Have a wonderful Christmas. I have recently taken to reading your fab posts aloud to hubby who thinks you are a comic genius (as do I, of course!)

  13. I have missed your blog – haven’t had any twitter time recently. This is fab. Well done you – a genius post! Looking forward to results night in seventeen year’s time….

  14. Brilliant post. How you feed your baby is irrelevant, it’s the love and values you give them that matters.

    I had a horrendous time with my 1st trying to brraatfeed. I won’t bore you with the details but after 3 months enough was enough, we switched to formula and she slept and ate putting on 6oz a day for 2 weeks.

    Baby no 2 went fab for 2 weeks, was really pleased then he too started to be miserable and not gain weight.

    With both kids I stopped instantly without any great difficulty so clearly production issues.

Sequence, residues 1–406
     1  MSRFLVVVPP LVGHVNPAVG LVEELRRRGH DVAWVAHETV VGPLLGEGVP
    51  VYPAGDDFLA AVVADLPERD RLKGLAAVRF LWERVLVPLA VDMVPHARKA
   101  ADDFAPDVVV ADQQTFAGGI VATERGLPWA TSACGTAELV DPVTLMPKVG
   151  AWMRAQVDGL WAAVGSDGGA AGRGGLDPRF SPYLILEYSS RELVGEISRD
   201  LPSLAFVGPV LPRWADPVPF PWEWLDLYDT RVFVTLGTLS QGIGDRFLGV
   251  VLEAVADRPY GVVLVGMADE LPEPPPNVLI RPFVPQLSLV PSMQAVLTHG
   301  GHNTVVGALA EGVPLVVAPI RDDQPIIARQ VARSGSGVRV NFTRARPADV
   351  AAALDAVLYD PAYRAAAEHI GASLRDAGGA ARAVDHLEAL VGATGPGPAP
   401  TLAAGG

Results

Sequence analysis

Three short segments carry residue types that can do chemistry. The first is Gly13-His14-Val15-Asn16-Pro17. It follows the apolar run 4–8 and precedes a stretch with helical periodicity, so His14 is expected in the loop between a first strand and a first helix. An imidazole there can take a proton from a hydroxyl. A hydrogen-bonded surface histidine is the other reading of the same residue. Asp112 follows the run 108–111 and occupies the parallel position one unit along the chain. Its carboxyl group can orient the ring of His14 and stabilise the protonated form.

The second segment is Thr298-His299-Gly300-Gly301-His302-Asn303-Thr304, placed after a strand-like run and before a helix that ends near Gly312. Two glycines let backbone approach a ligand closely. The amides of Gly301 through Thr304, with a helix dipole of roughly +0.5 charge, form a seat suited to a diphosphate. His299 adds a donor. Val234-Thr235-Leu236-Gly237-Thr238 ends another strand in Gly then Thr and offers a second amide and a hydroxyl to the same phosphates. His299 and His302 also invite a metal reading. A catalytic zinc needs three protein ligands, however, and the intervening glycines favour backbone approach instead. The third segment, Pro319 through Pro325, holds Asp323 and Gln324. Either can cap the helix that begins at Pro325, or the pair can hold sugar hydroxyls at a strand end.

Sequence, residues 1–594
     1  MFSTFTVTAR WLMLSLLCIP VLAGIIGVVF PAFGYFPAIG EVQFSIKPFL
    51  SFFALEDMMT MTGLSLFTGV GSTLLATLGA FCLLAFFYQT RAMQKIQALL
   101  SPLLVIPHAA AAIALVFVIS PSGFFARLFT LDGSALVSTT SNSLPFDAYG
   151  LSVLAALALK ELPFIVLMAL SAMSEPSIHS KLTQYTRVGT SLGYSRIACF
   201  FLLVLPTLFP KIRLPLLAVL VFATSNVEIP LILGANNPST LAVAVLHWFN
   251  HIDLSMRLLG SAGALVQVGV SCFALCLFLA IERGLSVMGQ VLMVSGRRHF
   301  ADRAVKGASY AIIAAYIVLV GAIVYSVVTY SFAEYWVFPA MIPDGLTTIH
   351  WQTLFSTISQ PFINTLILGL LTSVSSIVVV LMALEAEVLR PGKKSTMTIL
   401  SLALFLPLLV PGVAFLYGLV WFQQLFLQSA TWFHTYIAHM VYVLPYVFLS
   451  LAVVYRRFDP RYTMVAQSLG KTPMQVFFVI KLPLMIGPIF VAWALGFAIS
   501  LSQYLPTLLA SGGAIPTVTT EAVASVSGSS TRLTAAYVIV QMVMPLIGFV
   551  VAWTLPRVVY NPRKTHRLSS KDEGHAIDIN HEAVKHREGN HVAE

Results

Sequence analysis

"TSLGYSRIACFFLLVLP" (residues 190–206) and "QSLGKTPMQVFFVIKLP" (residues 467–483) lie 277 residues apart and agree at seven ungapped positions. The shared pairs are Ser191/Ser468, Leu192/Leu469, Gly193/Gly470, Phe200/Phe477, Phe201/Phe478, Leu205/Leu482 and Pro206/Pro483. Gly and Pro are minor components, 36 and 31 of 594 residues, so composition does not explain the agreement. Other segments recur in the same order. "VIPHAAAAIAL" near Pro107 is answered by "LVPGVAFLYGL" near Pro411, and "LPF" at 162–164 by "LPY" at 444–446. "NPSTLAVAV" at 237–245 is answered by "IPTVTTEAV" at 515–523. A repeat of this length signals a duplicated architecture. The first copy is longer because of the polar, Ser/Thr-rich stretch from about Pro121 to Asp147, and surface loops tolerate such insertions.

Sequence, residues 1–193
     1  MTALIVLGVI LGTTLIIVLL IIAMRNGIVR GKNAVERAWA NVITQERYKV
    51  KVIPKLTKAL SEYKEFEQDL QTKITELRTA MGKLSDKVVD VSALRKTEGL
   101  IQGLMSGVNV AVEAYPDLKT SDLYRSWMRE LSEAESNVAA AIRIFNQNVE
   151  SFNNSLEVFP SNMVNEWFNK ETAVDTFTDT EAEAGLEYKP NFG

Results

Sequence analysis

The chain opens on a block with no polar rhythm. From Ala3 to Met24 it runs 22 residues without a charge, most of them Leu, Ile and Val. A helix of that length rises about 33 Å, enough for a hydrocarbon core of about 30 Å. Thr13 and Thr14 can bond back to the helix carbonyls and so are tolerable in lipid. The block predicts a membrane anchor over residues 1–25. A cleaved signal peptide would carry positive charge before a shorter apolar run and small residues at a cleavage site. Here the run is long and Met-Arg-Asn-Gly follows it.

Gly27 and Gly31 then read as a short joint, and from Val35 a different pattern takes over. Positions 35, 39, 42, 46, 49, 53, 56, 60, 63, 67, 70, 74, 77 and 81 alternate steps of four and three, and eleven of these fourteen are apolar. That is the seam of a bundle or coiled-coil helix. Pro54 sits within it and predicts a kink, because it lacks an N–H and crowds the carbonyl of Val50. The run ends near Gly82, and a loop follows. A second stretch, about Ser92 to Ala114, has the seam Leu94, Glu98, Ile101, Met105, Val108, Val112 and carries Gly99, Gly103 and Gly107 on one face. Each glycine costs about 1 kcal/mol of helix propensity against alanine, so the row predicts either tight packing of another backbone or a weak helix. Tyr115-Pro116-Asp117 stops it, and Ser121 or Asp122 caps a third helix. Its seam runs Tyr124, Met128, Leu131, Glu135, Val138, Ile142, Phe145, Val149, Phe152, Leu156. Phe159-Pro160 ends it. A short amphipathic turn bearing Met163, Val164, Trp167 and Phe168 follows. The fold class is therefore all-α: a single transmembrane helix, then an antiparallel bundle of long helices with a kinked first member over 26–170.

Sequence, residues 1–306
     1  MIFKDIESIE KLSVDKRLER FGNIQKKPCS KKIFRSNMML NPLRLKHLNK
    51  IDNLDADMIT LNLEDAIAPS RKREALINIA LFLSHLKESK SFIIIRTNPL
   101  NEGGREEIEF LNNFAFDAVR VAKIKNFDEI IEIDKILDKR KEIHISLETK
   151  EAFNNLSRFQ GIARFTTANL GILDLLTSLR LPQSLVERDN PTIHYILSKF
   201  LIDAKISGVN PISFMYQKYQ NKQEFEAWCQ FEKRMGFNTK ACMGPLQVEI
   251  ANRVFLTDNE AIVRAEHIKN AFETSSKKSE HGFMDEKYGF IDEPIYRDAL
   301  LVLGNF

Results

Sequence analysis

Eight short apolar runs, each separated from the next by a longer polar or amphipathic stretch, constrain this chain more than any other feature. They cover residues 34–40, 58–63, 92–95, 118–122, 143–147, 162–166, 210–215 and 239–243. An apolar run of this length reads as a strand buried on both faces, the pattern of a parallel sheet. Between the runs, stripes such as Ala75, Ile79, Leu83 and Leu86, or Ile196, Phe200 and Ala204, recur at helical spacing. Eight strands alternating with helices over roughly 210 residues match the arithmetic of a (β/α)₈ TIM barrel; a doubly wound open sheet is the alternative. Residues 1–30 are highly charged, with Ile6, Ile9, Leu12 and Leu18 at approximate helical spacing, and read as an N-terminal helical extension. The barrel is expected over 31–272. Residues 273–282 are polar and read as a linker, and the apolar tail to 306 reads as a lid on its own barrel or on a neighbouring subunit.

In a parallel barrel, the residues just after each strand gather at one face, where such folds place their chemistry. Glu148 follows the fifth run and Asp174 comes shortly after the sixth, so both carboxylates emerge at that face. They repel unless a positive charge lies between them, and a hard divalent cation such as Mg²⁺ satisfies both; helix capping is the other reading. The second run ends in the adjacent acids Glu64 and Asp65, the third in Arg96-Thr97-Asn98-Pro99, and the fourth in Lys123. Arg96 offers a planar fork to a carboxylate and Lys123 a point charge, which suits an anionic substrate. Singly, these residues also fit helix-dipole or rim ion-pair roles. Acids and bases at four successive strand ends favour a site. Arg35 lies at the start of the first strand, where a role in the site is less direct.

Despite everything family still criticised me giving up.

    Good luck with the experiment.

  15. I never breastfeed Baba never wanted to had an aversion to it from the moment I was pregnant. My midwife had such a go at me and made me feel so awful about not breastfeeding and gave me so many horror stories about what would happen to my child if I didn’t breastfeed that I actually changed midwives.

    I remember when I had Baba an old friend (now) told me that because Baba wasn’t breastfeed he had a higher chance of becoming a deliquant. That was a lovely comment.

    Drives me mental when people had a go at me about not breastfeeding him, but I wont be breastfeeding any other children I have either. It is something I don’t want to do, but my children are loved and cared for and looked after.

    For the record I am an SMA girl and I got A-Levels, went to University and got a 2.1 in my degree have never been in trouble, never been barred, never smoked and am quite a reasonable, sensible healthy old bird! xxx

  16. What a cracking post!! I think your kids sound like they have a cracking Mum who loves them very much :) x